The ongoing evolution of Bosjes – three reasons to visit

FEATURED IMAGE BY DAVE SOUTHWOOD PHOTOGRAPHY
0

BOSJES, in the scenic Breede River valley, just over an hour’s drive from Cape Town, is brimming with new energy as it reveals the next phase in its evolution, with a new restaurant and farm shop set amid imaginatively landscaped indigenous gardens.

“This latest expansion really establishes Bosjes Estate as a leading destination in the Cape winelands,” explains Carlen Vorster, CEO of Hospitality & Marketing. “And, even more importantly, the expanded outdoor areas allow us to welcome day visitors over the weekends, a time when the estate was often closed for private functions.”

Creating imaginative outdoor spaces was key to the design of the new gardens, and “we’ve really focused the expansion to attract families looking to spend time together outdoors,” adds Vorster. “It really is a perfect fit with the Bosjes philosophy of making people more aware of the beauty of nature.”

Within the new garden guests can enjoy two new visitor offerings on the estate, the Bosjes Spens and the Bosjes Winkel.

Photo by Dave Southwood Photography

The Winkel is Bosjes’ contemporary interpretation of a country store, curated by acclaimed interior designer Liam Mooney who has filled the space with a covetable collection of bespoke wares, local crafts and upcycled décor.

“The Winkel is a wonderful curation of old and new, artisanal and unique,” explains Mooney. “It was important that we supported local craftsmen and suppliers as much as possible.”

That includes hand-woven scarves from Barrydale Weavers, vintage wooden toys from a local craftsman, and a range of custom-made puzzles, colouring books and crocheted soft toys that celebrate the wildlife of Bosjes estate.

“We also believe in re-use and repurposing,” adds Mooney, who sought out local antique stores to supply beautiful vintage ceramics.

Photo by Claire Gunn

A short walk through the gardens brings visitors to the Spens, which blends the best elements of a café, coffee shop and well-stocked country pantry.

On the shelves discover seasonal preserves using fruit from the valley – think pickled garlic, fig and almond jam, and onion marmalade – while glass displays are filled with breads, pastries and pâtisserie from talented pastry chef Rafieq Jacobs.

But it’s on the menu from head chef Kim Cox that the Spens shows its true colours, with an array of delicious dishes that’ll take care of hunger pangs from breakfast right through to lazy afternoon picnics.

Photo by Claire Gunn

With a firm focus on seasonal eating, the Spens menu is flexible enough for most plates to be enjoyed indoors, where the playful décor and long banquettes may tempt on wintry days, or out in the shade of the lemon groves.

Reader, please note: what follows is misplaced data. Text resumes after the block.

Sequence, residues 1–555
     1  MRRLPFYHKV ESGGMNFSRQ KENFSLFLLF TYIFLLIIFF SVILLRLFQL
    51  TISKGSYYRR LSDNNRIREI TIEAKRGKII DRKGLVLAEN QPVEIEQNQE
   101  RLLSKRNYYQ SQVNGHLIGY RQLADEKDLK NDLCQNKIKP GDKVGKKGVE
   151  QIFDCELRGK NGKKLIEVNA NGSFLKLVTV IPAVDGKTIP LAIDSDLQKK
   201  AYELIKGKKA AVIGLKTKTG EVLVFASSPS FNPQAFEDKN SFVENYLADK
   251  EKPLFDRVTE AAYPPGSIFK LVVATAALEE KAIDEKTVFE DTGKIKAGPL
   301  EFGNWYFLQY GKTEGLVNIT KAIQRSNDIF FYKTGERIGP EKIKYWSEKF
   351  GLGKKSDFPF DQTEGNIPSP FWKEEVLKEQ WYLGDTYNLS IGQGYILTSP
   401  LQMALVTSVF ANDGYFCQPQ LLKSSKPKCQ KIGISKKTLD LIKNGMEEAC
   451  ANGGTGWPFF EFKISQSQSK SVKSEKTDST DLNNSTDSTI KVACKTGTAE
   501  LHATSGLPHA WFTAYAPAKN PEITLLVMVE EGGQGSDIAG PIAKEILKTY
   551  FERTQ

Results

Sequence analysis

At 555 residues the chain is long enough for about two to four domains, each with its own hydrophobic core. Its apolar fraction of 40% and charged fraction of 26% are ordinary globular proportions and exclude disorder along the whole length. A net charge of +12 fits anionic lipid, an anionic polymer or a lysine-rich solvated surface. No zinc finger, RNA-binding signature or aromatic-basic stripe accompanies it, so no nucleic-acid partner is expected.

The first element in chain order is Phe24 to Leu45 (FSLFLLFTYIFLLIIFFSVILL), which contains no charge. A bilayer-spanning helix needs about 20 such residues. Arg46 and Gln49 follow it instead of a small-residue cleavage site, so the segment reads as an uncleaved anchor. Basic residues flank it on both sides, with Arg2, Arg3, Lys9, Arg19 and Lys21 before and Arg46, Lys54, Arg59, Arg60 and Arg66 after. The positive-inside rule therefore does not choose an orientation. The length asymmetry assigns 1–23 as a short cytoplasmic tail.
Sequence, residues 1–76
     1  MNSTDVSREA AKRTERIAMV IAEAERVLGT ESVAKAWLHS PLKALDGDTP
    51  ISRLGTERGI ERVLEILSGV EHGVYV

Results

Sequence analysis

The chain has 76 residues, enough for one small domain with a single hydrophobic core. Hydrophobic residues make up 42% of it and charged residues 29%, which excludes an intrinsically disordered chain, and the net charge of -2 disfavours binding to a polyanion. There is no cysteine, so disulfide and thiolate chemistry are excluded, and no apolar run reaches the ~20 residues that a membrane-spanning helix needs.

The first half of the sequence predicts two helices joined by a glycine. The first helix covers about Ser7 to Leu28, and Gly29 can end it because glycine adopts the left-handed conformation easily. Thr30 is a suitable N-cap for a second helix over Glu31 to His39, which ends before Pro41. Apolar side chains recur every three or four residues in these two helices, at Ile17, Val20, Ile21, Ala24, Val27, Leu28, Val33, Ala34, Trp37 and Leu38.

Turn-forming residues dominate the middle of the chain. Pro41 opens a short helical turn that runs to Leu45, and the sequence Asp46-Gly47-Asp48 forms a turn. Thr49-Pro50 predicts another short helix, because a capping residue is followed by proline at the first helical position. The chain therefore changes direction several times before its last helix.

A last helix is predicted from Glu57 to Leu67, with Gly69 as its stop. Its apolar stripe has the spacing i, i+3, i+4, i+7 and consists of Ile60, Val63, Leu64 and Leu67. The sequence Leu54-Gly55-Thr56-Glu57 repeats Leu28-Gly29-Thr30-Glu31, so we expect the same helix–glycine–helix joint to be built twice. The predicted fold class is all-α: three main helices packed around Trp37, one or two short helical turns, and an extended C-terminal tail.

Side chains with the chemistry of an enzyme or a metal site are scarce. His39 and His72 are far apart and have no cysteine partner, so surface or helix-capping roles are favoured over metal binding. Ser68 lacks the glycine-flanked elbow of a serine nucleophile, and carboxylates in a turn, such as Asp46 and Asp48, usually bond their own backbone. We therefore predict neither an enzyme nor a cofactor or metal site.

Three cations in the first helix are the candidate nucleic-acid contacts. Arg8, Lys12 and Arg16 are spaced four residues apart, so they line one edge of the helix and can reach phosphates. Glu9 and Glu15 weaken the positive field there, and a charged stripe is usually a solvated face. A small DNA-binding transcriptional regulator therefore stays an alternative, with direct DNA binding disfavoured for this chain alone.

Breakfast focuses on classic plates – French toast and caramelised banana, through to eggs Benedict on potato rosti – while the pre-ordered Farm Platter boxes and On The Move menu are designed for families looking to enjoy a picnic in the gardens. Here, generous sandwiches and inventive salads offer healthy grab-and-go options, alongside a mouth-watering range of freshly baked farm pies and quiches. All outdoor dining packaging is biodegradable, and includes eco-friendly bamboo cutlery.

Photo by Claire Gunn

For diners settling in at the Spens – no reservations, so arrive early – Cox’s well-priced lunch menu takes inspiration from both the estate’s own gardens and the seasonal bounty of the Breede River valley.

Fresh flavour-packed starters run from mango-sesame chicken salad and salmon croquettes, to the signature Bosjes Caesar salad. Mains are bolder in flavour and plating, with the likes of Karoo lamb shoulder with potato and pea salad, or a delicious porchetta with apple and celery relish. There’s plenty of plant-based inspiration on offer too, including herby quinoa and harissa-roasted cauliflower, and a Mediterranean vegetable bowl with spicy tomato sauce. There’s a dedicated children’s menu too, while Flatbread Friday dishes up piping-hot flatbreads with inspired toppings.

Photo by Dave Southwood Photography

“My focus has always been on food that’s simply fresh and full of flavour,” says Cox. “Whether it’s a beautiful salad with leaves fresh from the gardens, or a delicious Wagyu burger on a rich brioche bun, it’s about approachable uncomplicated cooking that over-delivers on value and flavour every time.”

Photo by Claire Gunn

The Spens and Winkel blend effortlessly into the new gardens and broader landscape, a testament to the creative collaboration between architect Coetzee Steyn and Square One Landscape Architects. Meyer & Associates Architects were appointed to assist with the execution as project architects and principal agent.